Synopses & Reviews
An enchanting, fabulously bizarre and intriguing book of short stories by a prizewinning new German writer.
Each episode in this dazzling debut collection captures the spark in some tiny detail of everyday life in contemporary St. Petersburg and fans it into a story that flares with comedy, surreal passion, heartbreaking indifference and mad Russian excess.
There's a Mafia shoot-out in a disco, as told by a gun-toting Walter Mitty simultaneously thrilled and horrified by the carnage he is creating. There's a returning exiled writer so desperate to keep his reputation alive, now that he is no longer a professional dissident, that he will do anything to hold the interest of his retinue of reporters and cameras. There are three devils who appear for an evening at the steam bath, their revelries ending in cannibalism--or is the watching manager just mad? St. Nicholas comes back as a rich American. There is a gallery opening that gives new meaning to the term "installation." And on and on...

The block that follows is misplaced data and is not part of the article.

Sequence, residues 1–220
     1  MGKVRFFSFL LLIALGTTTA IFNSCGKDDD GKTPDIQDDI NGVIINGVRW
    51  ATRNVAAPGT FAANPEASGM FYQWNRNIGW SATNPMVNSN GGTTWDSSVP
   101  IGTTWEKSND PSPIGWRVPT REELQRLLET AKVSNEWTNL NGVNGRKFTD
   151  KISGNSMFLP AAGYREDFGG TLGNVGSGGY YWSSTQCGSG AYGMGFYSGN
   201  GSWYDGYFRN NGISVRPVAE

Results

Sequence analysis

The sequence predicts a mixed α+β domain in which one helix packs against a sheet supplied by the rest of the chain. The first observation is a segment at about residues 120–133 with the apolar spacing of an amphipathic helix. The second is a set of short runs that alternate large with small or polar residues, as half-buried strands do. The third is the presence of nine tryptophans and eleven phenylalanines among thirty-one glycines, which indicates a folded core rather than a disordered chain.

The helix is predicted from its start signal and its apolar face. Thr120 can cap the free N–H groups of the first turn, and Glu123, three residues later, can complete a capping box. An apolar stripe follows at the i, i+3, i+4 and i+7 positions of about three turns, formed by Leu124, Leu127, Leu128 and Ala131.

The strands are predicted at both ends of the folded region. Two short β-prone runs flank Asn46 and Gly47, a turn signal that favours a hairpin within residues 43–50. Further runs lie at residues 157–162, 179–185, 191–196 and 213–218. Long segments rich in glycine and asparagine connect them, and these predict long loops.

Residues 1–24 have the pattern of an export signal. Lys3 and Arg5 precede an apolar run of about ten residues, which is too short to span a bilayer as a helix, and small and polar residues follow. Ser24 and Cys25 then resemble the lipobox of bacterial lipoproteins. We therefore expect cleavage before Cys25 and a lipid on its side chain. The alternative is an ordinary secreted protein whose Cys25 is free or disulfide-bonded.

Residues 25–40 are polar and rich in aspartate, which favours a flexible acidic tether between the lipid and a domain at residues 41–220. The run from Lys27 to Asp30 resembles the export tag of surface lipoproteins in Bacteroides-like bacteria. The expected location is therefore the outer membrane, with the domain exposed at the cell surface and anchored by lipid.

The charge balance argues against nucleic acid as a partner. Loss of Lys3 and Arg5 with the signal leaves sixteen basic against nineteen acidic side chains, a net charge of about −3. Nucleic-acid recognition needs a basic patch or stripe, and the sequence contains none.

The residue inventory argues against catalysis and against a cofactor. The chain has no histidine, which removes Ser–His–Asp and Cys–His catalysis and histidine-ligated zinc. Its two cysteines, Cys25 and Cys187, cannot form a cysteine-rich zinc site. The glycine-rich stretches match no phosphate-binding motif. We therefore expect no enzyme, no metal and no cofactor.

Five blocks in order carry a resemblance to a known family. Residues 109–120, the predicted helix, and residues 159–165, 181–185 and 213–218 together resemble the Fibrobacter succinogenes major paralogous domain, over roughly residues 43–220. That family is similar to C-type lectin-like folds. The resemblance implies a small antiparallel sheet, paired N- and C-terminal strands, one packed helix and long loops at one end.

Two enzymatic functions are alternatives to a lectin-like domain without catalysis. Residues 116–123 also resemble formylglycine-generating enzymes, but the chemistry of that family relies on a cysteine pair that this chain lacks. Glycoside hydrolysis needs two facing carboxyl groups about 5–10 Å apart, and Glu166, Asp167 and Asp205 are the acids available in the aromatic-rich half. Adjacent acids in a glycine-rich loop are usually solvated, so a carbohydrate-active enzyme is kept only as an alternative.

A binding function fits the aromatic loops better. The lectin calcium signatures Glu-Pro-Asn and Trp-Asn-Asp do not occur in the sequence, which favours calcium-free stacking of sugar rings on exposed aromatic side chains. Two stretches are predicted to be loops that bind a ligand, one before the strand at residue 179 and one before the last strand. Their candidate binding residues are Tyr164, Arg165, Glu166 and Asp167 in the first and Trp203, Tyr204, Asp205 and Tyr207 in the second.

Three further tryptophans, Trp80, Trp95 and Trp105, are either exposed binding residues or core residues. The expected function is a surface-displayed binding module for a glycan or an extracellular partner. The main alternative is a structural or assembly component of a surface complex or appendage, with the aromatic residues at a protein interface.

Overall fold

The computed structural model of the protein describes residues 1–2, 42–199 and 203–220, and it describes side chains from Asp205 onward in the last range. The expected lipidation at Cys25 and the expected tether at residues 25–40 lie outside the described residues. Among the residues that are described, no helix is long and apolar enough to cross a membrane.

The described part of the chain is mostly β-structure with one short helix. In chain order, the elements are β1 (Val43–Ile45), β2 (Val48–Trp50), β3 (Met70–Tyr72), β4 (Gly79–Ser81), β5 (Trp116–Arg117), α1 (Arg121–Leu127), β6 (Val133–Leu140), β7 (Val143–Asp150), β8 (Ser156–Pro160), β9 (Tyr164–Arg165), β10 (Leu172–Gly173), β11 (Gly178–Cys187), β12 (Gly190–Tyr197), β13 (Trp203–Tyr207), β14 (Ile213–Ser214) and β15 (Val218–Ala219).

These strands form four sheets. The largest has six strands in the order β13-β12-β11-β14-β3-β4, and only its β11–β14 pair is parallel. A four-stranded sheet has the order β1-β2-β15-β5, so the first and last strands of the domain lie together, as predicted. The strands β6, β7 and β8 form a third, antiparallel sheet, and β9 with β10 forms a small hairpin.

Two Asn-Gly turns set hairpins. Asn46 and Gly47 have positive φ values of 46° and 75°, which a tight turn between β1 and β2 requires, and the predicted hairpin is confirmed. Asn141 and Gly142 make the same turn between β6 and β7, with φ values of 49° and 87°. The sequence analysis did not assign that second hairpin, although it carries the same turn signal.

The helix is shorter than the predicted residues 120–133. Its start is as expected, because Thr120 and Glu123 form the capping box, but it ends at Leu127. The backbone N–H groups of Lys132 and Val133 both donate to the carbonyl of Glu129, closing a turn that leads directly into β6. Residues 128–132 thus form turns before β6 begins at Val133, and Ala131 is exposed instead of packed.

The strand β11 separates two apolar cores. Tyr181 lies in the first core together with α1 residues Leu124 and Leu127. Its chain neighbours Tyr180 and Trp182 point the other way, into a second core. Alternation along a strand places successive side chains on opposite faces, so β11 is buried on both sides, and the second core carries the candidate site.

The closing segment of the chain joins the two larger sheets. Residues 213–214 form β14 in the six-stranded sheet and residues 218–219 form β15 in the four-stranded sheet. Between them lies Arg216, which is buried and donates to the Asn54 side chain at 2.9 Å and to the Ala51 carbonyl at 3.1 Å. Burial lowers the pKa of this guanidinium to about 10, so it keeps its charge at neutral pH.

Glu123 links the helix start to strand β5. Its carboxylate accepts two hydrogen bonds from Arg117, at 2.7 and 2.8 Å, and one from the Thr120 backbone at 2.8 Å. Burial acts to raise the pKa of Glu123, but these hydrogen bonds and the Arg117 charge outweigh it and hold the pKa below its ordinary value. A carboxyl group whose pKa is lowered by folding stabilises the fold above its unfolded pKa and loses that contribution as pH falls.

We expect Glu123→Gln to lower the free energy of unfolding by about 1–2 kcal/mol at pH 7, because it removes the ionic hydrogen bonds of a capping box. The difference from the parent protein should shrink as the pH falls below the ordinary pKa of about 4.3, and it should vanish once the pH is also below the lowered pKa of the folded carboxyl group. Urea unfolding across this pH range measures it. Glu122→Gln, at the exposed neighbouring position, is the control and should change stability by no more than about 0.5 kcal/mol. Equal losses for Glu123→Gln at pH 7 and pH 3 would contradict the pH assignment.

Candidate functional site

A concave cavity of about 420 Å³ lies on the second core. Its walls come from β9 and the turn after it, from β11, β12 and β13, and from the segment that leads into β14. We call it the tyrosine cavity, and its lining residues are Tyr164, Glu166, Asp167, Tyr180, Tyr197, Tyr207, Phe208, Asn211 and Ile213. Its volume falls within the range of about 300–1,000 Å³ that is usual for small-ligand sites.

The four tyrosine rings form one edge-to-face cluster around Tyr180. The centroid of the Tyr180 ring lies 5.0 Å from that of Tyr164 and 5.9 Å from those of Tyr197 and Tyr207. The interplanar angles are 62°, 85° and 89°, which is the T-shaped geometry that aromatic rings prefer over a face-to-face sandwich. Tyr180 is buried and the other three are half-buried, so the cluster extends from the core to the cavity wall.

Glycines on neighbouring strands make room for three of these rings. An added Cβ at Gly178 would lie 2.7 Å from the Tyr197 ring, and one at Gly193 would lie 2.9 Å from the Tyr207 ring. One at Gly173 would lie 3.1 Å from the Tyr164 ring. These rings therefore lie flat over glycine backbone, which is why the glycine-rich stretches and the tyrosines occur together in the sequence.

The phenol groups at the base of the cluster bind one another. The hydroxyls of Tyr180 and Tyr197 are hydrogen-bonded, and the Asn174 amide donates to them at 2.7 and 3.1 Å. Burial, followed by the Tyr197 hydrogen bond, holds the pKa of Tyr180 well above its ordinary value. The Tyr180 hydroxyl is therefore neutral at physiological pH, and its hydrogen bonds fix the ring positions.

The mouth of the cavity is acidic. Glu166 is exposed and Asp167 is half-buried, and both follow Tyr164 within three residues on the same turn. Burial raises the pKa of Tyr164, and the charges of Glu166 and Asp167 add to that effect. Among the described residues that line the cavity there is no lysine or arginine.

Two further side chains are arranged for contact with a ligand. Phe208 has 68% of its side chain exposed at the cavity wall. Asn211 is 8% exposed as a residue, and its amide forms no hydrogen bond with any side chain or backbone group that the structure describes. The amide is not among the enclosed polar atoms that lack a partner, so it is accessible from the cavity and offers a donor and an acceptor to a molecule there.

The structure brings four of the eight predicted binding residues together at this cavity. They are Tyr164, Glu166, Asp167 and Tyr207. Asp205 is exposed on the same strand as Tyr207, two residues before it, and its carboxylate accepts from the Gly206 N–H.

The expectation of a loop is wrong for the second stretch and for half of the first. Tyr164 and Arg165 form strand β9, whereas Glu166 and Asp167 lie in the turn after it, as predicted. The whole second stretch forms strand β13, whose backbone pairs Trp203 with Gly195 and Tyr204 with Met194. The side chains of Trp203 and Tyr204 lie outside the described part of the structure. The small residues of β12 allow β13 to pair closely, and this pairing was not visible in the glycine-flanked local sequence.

These are sad, whimsical, macabre, bleakly funny stories, all told in a playful and voluptuous prose that is itself an homage to the great Russian masters whom Schulze is honoring--from Gogol to Pasternak, from Chekhov to Nabokov.
About the Author
Ingo Schulze, born in Dresden in 1962, studied classical philology at the University of Jena. He worked as the dramaturg at the Altenburg Theater until 1990, and then became a newspaper editor, a job that took him to St. Petersburg for six months in 1993. Since then he has lived in Berlin. His first book, 33 Moments of Happiness has won both the prestigious Döblin Prize and the Willner Prize for Literature. Three of the stories in this collection have recently appeared in The New Yorker.